Current and former military personnel were among 2,000 marchers paying tribute to their fallen colleagues at the Cenotaph last weekend.
Supporters lined the route in Whitehall for the Association of Jewish ex-servicemen and women’s annual parade as Field Marshall Lord Guthrie, former chief of the defence staff, took the salute on Sunday.
The event marked seven decades since the end of the Second World War and the liberation of Belsen by British forces and 100 since Gallipoli. A minute’s silence was held for all those who lost their lives, Jewish and non-Jewish, fighting for Britain in conflict.
Reflecting on the event’s “great success”, AJEX National chair Brian Bloom said: “We remembered the one and a half million Jewish men and women who served on allied side in ww2 of whom 65,000 were British Jews. We are immensely proud that we as Jews have contributed so much to this country.”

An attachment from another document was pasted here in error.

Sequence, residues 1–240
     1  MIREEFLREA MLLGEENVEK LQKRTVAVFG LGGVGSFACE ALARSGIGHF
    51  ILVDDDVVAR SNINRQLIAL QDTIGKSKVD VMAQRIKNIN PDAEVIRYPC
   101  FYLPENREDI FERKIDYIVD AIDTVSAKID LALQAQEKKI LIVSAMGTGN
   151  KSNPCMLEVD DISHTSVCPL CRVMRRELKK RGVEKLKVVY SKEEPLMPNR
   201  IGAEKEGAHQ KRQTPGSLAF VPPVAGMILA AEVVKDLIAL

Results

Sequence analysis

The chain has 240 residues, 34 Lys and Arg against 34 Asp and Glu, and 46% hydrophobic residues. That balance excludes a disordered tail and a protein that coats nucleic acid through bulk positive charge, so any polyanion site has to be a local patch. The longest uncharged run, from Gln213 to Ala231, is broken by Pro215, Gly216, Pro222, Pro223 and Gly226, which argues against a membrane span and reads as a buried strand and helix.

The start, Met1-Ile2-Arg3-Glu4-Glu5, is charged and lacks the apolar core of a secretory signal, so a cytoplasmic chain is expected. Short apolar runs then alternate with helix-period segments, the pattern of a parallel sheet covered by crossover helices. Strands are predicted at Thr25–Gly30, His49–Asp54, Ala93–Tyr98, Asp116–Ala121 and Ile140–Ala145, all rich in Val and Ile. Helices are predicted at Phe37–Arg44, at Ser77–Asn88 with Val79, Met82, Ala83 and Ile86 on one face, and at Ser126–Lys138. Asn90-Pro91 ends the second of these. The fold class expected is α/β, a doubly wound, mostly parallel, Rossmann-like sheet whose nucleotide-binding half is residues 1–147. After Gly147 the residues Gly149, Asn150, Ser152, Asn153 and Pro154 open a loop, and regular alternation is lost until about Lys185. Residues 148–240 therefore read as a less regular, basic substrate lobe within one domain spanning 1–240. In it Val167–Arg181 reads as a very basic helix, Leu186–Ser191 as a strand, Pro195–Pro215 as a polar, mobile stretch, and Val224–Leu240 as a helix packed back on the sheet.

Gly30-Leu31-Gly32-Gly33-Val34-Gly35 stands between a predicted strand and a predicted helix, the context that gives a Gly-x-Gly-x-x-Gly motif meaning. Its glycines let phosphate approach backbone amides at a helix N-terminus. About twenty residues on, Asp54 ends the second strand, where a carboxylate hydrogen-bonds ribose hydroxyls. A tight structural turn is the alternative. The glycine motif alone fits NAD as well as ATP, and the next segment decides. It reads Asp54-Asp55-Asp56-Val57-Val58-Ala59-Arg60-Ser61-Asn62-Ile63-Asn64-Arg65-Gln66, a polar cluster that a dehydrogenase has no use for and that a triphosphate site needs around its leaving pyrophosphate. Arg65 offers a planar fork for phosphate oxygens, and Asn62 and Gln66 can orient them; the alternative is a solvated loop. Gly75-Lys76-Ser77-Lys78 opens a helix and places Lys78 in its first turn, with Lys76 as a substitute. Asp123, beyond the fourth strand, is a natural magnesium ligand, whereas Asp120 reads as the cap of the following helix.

Delegations from France and Israel also took part in the parade. During a reunion tea, a silent tribute was also held for the victims of the terror attacks in Paris in January and last Friday.
The Queen sent her best wishes for those taking part, while David Cameron wrote: “We owe an extraordinary debt to all those personnel of Jewish heritage who have given such dedicated and loyal service to our country in past conflicts The sacrifices they and all those who served in our armed Forces have made to keep us free must never be forgotten.” He described as “noble” AJEX’s mission to remember the fallen and educate about the community’s record of service.
Neil Martin, chief executive of JLGB – whose association with AJEX goes back to its inception and which once again provided a band and standard bearers – said: “As the years pass by, it falls to the younger generations of the Jewish community to carry the torch of remembrance. The JLGB is proud to stand shoulder to shoulder with AJEX in memory of all those who fought and died for Britain and the future of the Jewish people.”
While numbers of military personnel will dwindle in future years, Bloom pledged: “We will continue to parade. It will be smaller but we now march with the Board, League of Jewish Women, schools. It’s a Jewish ex-servicemen and women’s parade but it is also a communal parade.”
Lieutenant Colonel Simon Soskin of the Grenadier Guards, became the first serving officer in recent history to serve as commander of the parade.
Photocredit: John Rifkin